Is Fruit Juice Healthy For Kids? New Guidelines May Make You Think Otherwise

Here's how much juice your child should have every day—and why it's almost certainly less than you'd think.

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Each year, the world produces and consumes about 12.8 billion tons of fruit juice.

It’s a more common drink in wealthier parts of the world, and in the United States, fruit juice is actually more profitable for farmers than fruit. It’s especially popular with kids, and why not? After all, fruit juice is delicious and nutritious.

Well, as it turns out, maybe not nutritious.

The American Academy of Pediatrics recently issued new recommendations, and it’s troubling news for parents who use fruit juices to keep their kids hydrated (and quiet).

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The guidelines seem to push back against an earlier conclusion: that half of a child’s daily fruit intake could come from fruit juices, rather than real fruits. The academy no longer maintains that fruit juices are an adequate substitution in every case, and the new rules note that since juices are “easily overconsumed,” parents should exercise caution when giving them to their children.

Here’s a quick breakdown of the new guidelines.

Babies should not receive fruit juice until they’re a year old.

Instead, they should receive infant formula or breast milk until 6 months of age. They shouldn’t receive fruit juice under any circumstances, as juice could potentially stunt their growth. Parents can give children mashed or pureed fruit past the 6-month marker.

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This is a notable change from earlier guidelines, which allowed 6-month-old children to have juice.

From age 1 to 4, children should only receive a maximum of four ounces of juice per day.

They should receive a cup of fruit per day in total, but only 4 ounces can come from fruit juice. That’s an extremely small amount by most parents’ standards; Mott’s Apple Juice, for instance, comes in 6.75-ounce boxes, so toddlers wouldn’t be able to consume an entire box without exceeding the American Academy of Pediatrics’ recommendations.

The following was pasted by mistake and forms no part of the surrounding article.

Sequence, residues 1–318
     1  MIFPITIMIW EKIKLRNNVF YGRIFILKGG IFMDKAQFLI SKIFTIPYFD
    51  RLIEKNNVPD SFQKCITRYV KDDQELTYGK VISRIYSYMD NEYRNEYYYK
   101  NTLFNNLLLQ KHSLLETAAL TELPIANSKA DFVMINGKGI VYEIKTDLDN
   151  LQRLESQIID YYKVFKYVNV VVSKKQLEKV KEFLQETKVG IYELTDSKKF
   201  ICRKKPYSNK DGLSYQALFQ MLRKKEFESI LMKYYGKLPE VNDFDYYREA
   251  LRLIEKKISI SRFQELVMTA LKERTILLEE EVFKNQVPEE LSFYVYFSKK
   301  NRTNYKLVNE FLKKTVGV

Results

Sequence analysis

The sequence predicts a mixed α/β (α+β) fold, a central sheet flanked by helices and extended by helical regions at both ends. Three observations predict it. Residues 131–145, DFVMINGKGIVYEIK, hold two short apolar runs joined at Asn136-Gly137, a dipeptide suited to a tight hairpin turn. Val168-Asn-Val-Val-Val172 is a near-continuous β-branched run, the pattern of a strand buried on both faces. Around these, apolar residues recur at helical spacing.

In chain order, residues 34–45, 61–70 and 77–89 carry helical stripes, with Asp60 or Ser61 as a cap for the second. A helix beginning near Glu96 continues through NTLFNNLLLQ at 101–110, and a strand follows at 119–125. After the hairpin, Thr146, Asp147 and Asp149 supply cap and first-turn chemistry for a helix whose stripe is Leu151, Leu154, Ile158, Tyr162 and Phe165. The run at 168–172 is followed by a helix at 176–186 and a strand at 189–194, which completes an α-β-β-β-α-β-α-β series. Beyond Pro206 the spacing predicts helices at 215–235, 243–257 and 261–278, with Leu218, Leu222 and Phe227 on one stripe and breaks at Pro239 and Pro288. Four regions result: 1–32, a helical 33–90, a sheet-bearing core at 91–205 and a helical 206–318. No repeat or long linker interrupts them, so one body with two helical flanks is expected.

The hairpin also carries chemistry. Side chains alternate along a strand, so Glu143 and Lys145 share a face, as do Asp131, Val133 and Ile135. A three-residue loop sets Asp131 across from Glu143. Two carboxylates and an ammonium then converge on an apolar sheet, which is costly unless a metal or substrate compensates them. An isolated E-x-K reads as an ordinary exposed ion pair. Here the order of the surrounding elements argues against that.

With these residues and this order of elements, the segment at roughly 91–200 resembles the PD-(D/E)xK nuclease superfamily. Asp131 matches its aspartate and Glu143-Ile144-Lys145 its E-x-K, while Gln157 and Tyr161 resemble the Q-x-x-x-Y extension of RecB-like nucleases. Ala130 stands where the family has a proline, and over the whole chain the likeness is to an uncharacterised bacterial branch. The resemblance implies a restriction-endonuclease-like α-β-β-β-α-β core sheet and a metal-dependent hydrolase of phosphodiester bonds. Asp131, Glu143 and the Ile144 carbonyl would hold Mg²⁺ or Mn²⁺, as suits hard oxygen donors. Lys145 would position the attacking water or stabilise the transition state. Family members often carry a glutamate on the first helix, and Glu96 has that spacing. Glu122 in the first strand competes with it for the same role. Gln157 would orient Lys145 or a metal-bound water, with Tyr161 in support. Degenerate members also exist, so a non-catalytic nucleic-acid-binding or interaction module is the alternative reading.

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In fairness to food and beverage companies, their product sizes are largely based on older dietary guidelines, so we may see juice box sizes shrink over the next few years.

“In the past, we’ve always said generally 6 to 8 ounces per day and we weren’t really focusing on the age group,” said clinical dietitian Kristi King in an interview with CBS. “The new recommendations are much more tangible.”

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There’s another significant issue to consider: Most fruit juice isn’t really fruit juice.

The academy strongly recommends reading labels (which aren’t always completely accurate) to find 100 percent fruit juices.

As fruit juices are big business, many manufacturers add sugar and other ingredients to make their products more palatable to children. This can increase calorie counts and further reduce the nutritional value of juices.

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Parents should also make sure that schools aren’t providing children with juices, as many schools still operate under the old guidelines, offering juice in place of real fruits (and sacrificing nutrition in the process).

Ultimately, the safest practice is to choose whole fruits wherever possible. Juices may be delicious, but they’re hardly nutritious—especially for growing children.

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